You may have heard that Sunday, November 16, 2014 is the Opening Celebration at Harvard Art Museums, which is reopening after a long renovation that started with the closing of Harvard’s Fogg and Busch-Reisinger museums in June 2008, and the Sackler Museum in June 2013.
Now collections from all three museums are housed under one roof in the completely renovated and expanded site of the former Fogg Museum designed by Renzo Piano, renowned architect who also designed the post-modern The Centre Pompidou in Paris and the expansion of the Isabella Stewart Gardner Museum in Boston.
Even though the official opening is on Sunday, two days away, Harvard Art Museums had opened its doors to Harvard affiliates earlier today and of course I simply could not miss the chance to go see it. (I should point out that while I work at the university, I am NOT one the museum staff, and sadly, my job has nothing to do with writing about art or travel.)
I’ve heard people raving about the new design and it is true – the place is amazing!
The Italian Renaissance courtyard that was the center of the Fogg Art Museum designed in 1927 is still there, but it is domed by a breathtaking glass roof that fills the space with light. The building is now a stunning blend of classic and modern, and somehow it all fits together beautifully.
Here are two of the most interesting photos of the courtyard I found on Instagram.
The one just above seems to have been taken from way up right under the ceiling, where the visitors are not allowed.
I took a lot of photos during my visit at the museum today, but since it’s officially still closed to the public at large, I won’t post them. I don’t want to spoil the joy of seeing those paintings in person.
Instead, I’d like to post close ups of a few pieces that, I hope, will entice you to go to the Harvard Art Museums, find these paintings, and marvel at their beauty.
Here we go:
Harvard Art Museums Scavenger Hunt – The Clues
1) Detail from a 1620s Flemish painting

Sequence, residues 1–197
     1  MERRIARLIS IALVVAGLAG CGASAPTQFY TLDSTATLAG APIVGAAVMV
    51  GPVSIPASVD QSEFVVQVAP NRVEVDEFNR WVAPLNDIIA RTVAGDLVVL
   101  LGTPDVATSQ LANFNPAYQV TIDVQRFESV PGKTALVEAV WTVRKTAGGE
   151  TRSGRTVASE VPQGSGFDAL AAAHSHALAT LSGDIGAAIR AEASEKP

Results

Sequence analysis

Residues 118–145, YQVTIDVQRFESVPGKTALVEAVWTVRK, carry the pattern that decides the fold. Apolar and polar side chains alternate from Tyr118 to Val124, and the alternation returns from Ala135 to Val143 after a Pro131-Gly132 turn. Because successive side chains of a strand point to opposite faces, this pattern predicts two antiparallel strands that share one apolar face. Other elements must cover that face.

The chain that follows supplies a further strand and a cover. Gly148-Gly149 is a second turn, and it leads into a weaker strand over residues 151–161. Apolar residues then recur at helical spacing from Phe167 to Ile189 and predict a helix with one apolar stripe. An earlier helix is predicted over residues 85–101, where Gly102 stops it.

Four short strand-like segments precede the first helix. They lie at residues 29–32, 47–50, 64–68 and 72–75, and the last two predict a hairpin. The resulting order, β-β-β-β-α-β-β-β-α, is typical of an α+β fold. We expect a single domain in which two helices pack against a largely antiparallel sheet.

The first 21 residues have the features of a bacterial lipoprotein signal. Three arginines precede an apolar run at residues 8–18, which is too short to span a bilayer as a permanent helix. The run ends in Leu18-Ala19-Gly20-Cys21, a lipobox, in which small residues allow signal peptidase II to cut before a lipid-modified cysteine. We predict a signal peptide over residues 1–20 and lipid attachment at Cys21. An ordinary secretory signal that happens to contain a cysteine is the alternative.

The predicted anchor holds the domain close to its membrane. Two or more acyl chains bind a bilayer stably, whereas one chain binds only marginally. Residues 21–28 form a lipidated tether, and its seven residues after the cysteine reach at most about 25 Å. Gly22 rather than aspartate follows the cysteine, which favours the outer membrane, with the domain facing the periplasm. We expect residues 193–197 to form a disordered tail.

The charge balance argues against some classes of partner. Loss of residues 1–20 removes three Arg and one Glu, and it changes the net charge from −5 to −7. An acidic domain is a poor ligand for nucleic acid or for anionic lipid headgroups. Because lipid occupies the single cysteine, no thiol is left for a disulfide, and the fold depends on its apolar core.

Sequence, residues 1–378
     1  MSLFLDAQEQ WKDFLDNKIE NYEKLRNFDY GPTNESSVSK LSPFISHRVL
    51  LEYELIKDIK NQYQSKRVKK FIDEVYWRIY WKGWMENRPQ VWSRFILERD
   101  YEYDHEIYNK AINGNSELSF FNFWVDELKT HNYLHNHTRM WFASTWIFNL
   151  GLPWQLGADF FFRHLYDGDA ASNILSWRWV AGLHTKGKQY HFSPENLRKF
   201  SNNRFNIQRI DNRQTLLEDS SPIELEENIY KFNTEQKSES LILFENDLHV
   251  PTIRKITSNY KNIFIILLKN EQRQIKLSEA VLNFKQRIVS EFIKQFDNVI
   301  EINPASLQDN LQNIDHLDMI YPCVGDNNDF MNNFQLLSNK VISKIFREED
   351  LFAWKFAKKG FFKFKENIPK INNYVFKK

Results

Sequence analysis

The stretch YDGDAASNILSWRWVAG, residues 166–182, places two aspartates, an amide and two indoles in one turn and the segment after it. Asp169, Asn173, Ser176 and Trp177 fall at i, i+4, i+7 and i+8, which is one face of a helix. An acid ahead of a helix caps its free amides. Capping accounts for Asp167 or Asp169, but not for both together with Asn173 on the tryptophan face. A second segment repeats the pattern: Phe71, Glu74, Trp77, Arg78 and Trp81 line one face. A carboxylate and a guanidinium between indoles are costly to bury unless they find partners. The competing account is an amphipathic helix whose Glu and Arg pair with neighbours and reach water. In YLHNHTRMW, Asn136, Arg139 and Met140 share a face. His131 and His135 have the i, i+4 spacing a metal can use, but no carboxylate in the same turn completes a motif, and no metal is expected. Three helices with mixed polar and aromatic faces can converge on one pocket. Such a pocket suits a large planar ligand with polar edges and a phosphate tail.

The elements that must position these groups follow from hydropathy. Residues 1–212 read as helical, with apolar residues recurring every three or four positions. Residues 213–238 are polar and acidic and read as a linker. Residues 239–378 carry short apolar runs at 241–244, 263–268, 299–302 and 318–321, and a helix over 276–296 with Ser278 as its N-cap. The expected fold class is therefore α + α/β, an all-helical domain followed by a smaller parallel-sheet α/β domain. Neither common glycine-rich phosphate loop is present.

If you are not planning on looking for this painting or can’t find it at the museum, read my post about this painting and the artist who created it.
2) A dog in a 1700s Dutch painting
3) An adorable girl in a 1870s Spanish painting
4) A nearly empty glass in a 1880s French painting
5) A cranky kid in a 17th-century Japanese painting
I’ve got a few more, but I’ve decided to post them later.
I tweeted most of these already with a hashtag #museumchallenge. If you’re on Twitter, I invite you to follow us. If you are visiting the Harvard Art Museums in the next couple of days, feel free to reply to my tweets with a photo of the full painting. Just please don’t forget to include the details: name of the artist, title, and the year!
I’ll post answers to the clues above right here on this blog in future posts.
I hope this little game adequately illustrates how varied and beautiful Harvard Art Museums’ holdings are, and convinces you to visit the museum, should you happen to be in Cambridge, Massachusetts.
Where to Stay in Cambridge
Cambridge, home to Harvard University, is right across the river from Boston, so when you visit, you can stay either directly in Cambridge, or you can find a place to stay right in Boston. There are plenty of choices!
Other Articles about the Harvard Art Museums
If you’re interested in more information, take a look at “Making Harvard’s Art Accessible” – a really cool interactive “article” showing the museum’s floor plan on the Boston Globe’s web site
and listen to or read WBUR’s series “Harvard Art Museums Reopen.”
The following articles are also worth reading:
“Five Reasons to Get Excited for the New Harvard Art Museums” by Cambridge, USA.
“Harvard Art Museums offer dazzling artworks, savvy curation,” by the Boston Globe
“Art’s Shining Future,” by the Harvard Gazette
“The New Harvard Art Museums & The Top 6 Things to See There,” by WhereTraveler.com
and a post by Campaign Outsider “Dead Blogging the New Harvard Art Museums”
Thank you for reading, and as always, comments are more than welcome.
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